South Korea has dominated archery since the modern archery competition was introduced in 1972, collecting 27 gold medals including four in Tokyo. Since 1988, South Korean women's archery team has never missed an Olympic gold medal, opening a new chapter in the Olympic history on July 25 by securing its ninth consecutive gold medal.
The Korea Archery Association (KAA) has been credited with providing all required equipment and expenses for every single one of the 900 child archers preparing to join the national team. Transparency has been maintained in selecting a national team in an eight-month trial process that has been described as more difficult than the Olympic tournament.
"I think one of the reasons why South Korea is dominant in archery is because of its fair selection system," Seo Geo-won, a former KAA director, said, adding that there was no factional strife or favoritism in the process of selecting a national archer, allowing less experienced athletes to gain more opportunities as long as they prove they can replace their seniors.
The association meticulously monitors deficiencies that appeared in the previous games to make a lengthy and detailed checklist and work out a roadmap for the next Olympics. For the Tokyo Olympics, the association built a replica of the Olympic venue inside a state-run training center and arranged a special training program for archers to adapt to windy conditions and an earthquake during their competition in Japan.
It's not enough to dig into the tricks of South Korea's remarkable Olympic success in archery. The archery association and South Korea's Hyundai auto group have collaboratively strived to overcome the deficiencies that occurred in the 2016 Rio Olympics. Cooperation dates back to 1985 when Hyundai's honorary chairman Chung Mong-koo took the helm of the association.
After Hyundai's current chairman Chung Eui-sun took over in 2005, the association has applied cutting-edge technologies to enhancing archers’ skills, along with scientific equipment such as high-precision shooting machines, automatic scoring devices, heart rate measuring devices, deep learning vision artificial intelligence coaches, tailored grips, and even a relax chair prepared at the rest area of the Olympic arena.
"I think a high-precision shooting machine without any deviation because (archers) can choose and use good arrows without any deviation," Chairman Chung Eui-sun told reporters. The shooting machine with improved precision and accuracy can filter out arrows with deviation, so that athletes can improve accuracy.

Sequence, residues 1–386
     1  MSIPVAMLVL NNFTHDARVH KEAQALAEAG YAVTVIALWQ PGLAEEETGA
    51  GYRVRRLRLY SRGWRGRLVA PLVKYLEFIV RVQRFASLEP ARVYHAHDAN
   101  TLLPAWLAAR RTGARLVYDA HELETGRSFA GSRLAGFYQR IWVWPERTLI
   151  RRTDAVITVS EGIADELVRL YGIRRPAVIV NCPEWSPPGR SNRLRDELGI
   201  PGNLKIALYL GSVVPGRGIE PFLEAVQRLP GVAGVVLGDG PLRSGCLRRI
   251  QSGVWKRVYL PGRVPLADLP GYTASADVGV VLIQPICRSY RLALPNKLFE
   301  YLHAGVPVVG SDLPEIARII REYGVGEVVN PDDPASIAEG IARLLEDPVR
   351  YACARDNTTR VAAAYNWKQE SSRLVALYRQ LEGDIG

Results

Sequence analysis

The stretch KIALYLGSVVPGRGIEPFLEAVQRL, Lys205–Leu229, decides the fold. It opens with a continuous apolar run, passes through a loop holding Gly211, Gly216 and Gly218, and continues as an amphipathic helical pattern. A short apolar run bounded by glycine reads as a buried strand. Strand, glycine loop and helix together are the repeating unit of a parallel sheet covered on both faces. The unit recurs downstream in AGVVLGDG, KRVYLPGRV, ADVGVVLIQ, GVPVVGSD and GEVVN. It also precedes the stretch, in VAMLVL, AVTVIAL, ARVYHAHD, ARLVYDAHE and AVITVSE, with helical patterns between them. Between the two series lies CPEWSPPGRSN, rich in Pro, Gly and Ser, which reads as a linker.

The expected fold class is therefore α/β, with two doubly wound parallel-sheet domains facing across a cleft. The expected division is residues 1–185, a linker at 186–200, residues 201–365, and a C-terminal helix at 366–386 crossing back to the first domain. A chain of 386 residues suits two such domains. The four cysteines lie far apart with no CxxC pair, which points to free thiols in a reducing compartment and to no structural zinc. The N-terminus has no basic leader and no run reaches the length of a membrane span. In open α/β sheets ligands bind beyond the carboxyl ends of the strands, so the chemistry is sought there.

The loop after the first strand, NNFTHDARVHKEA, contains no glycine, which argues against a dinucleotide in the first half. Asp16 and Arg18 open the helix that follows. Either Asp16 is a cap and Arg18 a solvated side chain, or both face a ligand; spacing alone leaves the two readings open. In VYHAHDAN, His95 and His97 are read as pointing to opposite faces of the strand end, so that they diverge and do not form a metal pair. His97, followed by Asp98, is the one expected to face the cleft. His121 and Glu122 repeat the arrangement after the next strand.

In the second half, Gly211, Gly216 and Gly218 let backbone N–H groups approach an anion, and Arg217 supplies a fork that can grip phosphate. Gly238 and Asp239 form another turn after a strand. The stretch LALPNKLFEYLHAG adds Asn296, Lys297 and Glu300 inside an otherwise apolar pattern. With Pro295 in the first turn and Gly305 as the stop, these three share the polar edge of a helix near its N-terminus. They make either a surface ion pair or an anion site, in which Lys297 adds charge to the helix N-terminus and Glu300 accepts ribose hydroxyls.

Hyundai utilized a machine that can automatically check athletes’ heartbeat by analyzing their complexion while pulling an arrow. It records the score when archers shoot the arrow and help them recognize their physical status. Through the company’s deep learning system, which edits videos of archers through AI technologies, archers can consistently monitor their habits.
Other technologies provided by Hyundai included a meditation smartphone app specialized for each player, recording devices that automatically read and store scores using electronic targets based on precision sensors. By displaying scores on the monitor screen in real-time through wireless communication, players and coaches can effectively check scores and even save the hit location of arrows to be used as big data.
A deep learning vision artificial intelligence coach automatically edited training videos to facilitate analysis. Deep-learning vision computing was used to detect the movement of players through thousands of motion images so that players and coaches can intensively analyze habits and weaknesses through optimized editing videos and improved performance.
Advanced vision computing technology was used to measure biometric signals and a separate facial recognition algorithm filters out ambient noise. Coaches linked heart rate information and score data accumulated during the training process to eliminate psychological anxiety.
Hyundai has provided high-end camping beds and chairs so that players can rest as comfortably as possible in the waiting room. Players were given a new uniform capable of mitigating the influence of the scorching sun and high temperatures as well as customized grips that fit the hands of players using 3D scanners and 3D printing technology. For the Tokyo event, diversified grip new materials were used depending on the player's preference, such as a combination of aluminum and polyamide, waterproof materials used as automotive parts, urethane and wood.
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